5. Slugster438

    Slugster438 New Member

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    There's three bikes that are semi-recumbent and they look pretty normal but are still a big improvement in comfort (listed from most expensive to least):
    RANS Fusion (and the other similar bikes they sell)
    Lightfoot Surefoot
    Day6Bicycles
    I have a RANS Fusion and it's very comfortable and easy to ride, certainly a 50-mile ride wouldn't be a problem (I got mine right before lousy winter weather set in, so I hven't rode it much at all). It is not quite as comfortable as the recumbents I have, but it is much handier and attracts less attention. You won't need padded shorts to ride it, but unpadded lycra shorts do help (they prevent inseam chafing). ....I haven't tried the other two bikes, they just use a similar seat/pedal geometry.

    People who care about going fast prefer the bigger front wheels, because they don't slow down as much as smaller wheels do if the road surface is rough. The bigger front wheels also allows a more relined, aero position. The downside is that having your feet higher is more likely to cause "numb feet", especially while doing extended climbing of steep hills, such as riding in the mountains.

    The bad thing about "numb feet" is that there's no way to really predict if you'll have a problem with it, and it will tend to happen more on longer rides--you won't get it from a test ride around the block. Sometimes lacing your shoes looser can help, moving cleat position, even wiggling your toes inside your shoes until it abates. ,,,,The "classic" touring recumbent is a LWB with an upright seat and low-set pedals. These bikes tend to be slower than an upright bike (because of worse aerodynamics) but recumbents with upight seating and low-set pedals makes it unlikely you'll have problems with numb feet at all.
    ~
     
  6. PaPa

    PaPa New Member

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    Depends on what you mean by "rough". .. and 'which' LWB bike you refer. You'd be hard pressed to find a faster bike than a socked LWB, Tour Easy - w/ 20" front wheel. And few would tangle with a large pair of thighs straddling a faring blessed, LWB, Rotator Pursuit - which has a tiny 406mm wheel at BOTH ends. And if you don't mind staring at SUV's exhaust pipes during everyday commutes, the blistering Velokraft VK2 and No-Comms (again, both have a 20" (406mm) front wheels), should easily satisfy one's thirst for speed.
     
  7. Tackdriver56

    Tackdriver56 New Member

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    Try Calhoun Cycles in Minneapolis, MN. They have a website.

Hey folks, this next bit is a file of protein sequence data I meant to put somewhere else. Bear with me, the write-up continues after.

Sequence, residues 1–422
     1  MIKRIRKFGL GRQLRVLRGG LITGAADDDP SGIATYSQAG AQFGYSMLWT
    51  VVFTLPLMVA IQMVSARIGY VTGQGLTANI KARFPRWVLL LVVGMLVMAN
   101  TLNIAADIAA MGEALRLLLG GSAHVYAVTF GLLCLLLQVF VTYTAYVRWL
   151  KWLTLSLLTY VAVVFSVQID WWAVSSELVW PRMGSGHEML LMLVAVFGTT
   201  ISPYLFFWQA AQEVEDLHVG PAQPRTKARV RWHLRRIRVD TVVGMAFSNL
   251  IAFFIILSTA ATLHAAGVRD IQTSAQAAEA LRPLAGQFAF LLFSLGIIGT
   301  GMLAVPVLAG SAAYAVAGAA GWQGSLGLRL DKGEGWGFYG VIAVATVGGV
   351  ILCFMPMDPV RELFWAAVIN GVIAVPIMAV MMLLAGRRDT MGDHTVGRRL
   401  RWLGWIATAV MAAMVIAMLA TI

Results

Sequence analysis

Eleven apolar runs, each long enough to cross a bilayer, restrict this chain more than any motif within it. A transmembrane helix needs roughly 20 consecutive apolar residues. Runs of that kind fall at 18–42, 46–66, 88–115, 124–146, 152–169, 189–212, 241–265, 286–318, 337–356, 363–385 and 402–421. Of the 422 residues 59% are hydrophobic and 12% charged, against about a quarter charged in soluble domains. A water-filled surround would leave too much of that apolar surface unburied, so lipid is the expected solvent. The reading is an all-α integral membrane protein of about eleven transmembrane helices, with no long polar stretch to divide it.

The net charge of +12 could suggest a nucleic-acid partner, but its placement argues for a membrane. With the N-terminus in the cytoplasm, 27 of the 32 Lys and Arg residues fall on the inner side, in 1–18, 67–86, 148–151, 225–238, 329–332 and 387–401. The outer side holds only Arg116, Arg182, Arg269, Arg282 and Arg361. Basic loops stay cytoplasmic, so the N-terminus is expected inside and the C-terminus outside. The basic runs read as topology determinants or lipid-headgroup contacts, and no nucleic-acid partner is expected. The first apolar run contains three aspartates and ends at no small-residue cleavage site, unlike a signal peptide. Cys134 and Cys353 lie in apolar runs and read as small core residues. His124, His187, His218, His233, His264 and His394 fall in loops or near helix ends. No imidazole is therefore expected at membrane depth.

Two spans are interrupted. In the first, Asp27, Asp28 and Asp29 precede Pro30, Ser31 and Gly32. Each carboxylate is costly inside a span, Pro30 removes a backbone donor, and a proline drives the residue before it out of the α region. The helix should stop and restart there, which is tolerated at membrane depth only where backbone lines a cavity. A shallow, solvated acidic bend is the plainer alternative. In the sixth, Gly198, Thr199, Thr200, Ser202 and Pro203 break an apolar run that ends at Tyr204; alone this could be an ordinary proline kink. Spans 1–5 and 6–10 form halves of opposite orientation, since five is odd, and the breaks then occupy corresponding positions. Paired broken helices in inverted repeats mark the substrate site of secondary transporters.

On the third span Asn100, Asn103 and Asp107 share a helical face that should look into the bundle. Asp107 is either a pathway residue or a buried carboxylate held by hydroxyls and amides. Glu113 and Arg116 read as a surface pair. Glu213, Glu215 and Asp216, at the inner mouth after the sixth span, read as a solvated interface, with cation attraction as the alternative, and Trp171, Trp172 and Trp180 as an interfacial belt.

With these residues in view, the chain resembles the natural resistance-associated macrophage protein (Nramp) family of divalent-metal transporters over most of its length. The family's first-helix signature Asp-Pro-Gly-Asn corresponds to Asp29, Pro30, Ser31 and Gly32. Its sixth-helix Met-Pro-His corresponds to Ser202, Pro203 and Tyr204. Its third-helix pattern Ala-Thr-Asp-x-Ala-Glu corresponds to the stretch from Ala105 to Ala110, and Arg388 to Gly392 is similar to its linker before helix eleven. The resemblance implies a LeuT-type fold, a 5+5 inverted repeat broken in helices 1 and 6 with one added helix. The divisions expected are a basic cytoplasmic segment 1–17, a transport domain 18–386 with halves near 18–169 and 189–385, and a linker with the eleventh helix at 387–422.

I'm in CT, but have driven by Calhoun on vacation.

    I've tried a lot, and own three RANS bikes: Stratus, Screamer, and V-Rex.
    The Stratus is my favorite. The V-Rex is FUN, but so responsive it can be hard to get used to.
    The Easy Racers Tour Easy is an easy bike to ride.
    If you can find a recumbent riders group through Calhoun, you may be able to try bikes they don't carry. Also, if you can find a used bike, you won't have to take such a big depreciation penalty if you change your mind later.

    Good luck.
    Tackdriver.
     
  8. thetmqdoc

    thetmqdoc New Member

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    I would recommend either the giro or the stradda. I would go with a high racer either way. As the low racers or the recumbents that are very close to the ground obviously arent easily seen and are best suited for tracks in my opinion. I have the stradda and enjoy it. I ride around 15-20 miles 3 or more times a week usually averaging 19-20mph. I am 225lbs and spent alot of time lifting weights. I have alot of shoulder problems and thats why I bought the stradda. My only complaint is the rear cassette which was not very straight. Whatever you buy I would reiterate what others have said about having a proffesional fit you.
     
  9. blazingpedals

    blazingpedals New Member

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    It may seem obvious to you, but it's not obvious to me and I ride a lowracer. Car drivers can see lane lines, pot holes, and dogs in the road, they can see me as well if not better. Except in very congested situations, height does not equal visibility.
     
  10. alfeng

    alfeng Well-Known Member

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    Try the NICOLLET SOUTH BIKE SHOP in Nicollet -- they may-or-may-not be able to help you ... and/or, point you toward other shops to buy recumbents ...